RT @TyroneWH: Thanks to @Run_Riot for Letting me Guest Edit this week, ‘twas a lot of fun and you certainly got the old great matter going!…
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Boiler Room launch pioneering “Netflix of the underground” multi-genre platform and streaming service

“I think the film world needs updating,” Boiler Room 4:3’s creative director Amar Ediriwira tells Run-Riot. With a new highly creative platform at his disposal, Amar, who is a curator and journalist, is doing his part in updating the modern perception of film.

He has the help of a line-up of big name curators including Elijah Wood, Peaches and Jenn Nkiru as they launch the boldly ambitious multi-genre service called 4:3, which will be available both physically, in unusual spaces, and via the project’s website, to “hold a mirror to internet culture” with a cross examination of film and where it intersects with other media, and how it forms impressions on the general public.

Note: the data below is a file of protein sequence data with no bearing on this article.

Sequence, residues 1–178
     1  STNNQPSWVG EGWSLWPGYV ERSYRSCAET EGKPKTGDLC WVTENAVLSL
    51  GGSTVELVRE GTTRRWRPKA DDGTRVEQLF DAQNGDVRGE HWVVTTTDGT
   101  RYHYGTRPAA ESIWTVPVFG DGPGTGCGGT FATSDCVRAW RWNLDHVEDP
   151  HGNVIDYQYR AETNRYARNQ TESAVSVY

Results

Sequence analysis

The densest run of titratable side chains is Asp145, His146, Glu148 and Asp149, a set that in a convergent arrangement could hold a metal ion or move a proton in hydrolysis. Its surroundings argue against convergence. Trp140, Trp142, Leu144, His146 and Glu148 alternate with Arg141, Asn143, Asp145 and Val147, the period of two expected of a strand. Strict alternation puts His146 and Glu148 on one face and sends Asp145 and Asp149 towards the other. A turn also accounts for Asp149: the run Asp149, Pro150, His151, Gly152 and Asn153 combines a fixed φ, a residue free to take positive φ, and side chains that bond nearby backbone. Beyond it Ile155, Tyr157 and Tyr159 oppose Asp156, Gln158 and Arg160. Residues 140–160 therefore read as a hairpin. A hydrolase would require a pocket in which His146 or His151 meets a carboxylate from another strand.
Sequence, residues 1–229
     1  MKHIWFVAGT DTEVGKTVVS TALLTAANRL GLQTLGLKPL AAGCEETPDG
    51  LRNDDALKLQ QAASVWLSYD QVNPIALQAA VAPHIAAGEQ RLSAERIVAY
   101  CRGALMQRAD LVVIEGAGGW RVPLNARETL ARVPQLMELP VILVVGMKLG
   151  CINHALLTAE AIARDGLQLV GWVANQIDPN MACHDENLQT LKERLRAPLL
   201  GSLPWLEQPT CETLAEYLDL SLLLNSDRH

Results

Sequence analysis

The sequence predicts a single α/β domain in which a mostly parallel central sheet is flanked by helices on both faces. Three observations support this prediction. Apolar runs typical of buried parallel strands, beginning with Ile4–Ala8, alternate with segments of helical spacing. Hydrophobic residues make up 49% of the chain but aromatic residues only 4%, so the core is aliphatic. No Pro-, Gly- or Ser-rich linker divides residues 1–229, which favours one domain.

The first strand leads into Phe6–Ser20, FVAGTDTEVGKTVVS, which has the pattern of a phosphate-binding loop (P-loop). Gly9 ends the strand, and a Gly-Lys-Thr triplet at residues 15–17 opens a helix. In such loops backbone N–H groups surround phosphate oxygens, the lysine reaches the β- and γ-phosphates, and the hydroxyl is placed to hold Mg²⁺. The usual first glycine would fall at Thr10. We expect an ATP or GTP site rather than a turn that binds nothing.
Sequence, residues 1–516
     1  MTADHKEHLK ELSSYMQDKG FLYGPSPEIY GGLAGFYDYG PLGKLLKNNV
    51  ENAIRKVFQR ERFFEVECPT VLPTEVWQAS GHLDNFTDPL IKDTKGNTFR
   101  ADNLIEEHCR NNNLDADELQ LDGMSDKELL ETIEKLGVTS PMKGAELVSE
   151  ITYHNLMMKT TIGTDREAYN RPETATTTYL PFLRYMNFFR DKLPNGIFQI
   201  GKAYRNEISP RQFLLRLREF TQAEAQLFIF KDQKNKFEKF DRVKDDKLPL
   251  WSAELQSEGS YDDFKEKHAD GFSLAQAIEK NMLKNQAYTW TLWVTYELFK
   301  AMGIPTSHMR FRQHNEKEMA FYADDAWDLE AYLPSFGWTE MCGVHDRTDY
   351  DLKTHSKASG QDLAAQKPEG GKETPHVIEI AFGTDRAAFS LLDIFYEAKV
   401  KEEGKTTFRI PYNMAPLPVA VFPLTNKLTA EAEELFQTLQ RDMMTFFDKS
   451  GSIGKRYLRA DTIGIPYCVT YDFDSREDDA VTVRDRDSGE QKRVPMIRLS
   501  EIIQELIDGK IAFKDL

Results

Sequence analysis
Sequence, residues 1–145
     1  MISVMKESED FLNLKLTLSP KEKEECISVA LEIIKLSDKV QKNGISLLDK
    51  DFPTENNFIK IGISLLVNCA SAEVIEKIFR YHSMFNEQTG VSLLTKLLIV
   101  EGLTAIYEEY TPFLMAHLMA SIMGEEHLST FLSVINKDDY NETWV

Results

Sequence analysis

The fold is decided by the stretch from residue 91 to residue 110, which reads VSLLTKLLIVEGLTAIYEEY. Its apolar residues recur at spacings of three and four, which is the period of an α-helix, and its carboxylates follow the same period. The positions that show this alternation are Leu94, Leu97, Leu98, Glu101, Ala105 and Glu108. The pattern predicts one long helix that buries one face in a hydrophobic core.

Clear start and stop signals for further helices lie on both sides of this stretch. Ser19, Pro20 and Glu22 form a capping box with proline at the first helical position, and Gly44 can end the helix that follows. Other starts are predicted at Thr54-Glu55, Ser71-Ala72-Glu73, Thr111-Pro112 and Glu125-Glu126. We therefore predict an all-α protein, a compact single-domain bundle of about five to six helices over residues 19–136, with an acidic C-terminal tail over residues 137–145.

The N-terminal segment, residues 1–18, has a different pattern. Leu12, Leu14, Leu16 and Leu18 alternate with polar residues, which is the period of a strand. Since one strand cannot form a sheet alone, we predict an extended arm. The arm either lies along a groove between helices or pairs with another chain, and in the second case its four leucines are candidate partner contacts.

“It turned out looking like a lineup for my dream dinner party,” Amar tells Run Riot of his dream collaborators, who are unearthing content “from some of the most innovative thinkers from around the world”.

4:3 will explore the interconnections between film, fashion, art and music by staging visual and sonic experiences - much like the familiar Boiler Room DJ and live sets which pop-up around the world.

We’ll leave Amar to unpack the project further and reveal details about upcoming projects, including an event at the Tate in London on July 27th which explores the connection between 20th century animation and its accompanying visual music.

Adam Bloodworth: Hi Amar. 4:3 sounds incredibly exciting and ambitious: what would you be happy to see it achieve in its first year?

Amar Ediriwira: I want to see 4:3 continue to speak to audiences in unexpected ways, disrupting media, and in doing so, redefining what a cultural institution can look like in 2018.

Adam: How did you go about choosing your curators, Elijah Wood, Peaches, Jenn Nkiru and Ryuichi Sakamoto?

Amar: It turned out looking like a lineup for my dream dinner party but in reality it happened very organically. For example, I met Elijah Wood a few years ago and shot a video about his vinyl addiction. 4:3 is a bit like crate-digging for film so I knew immediately the project would appeal to him.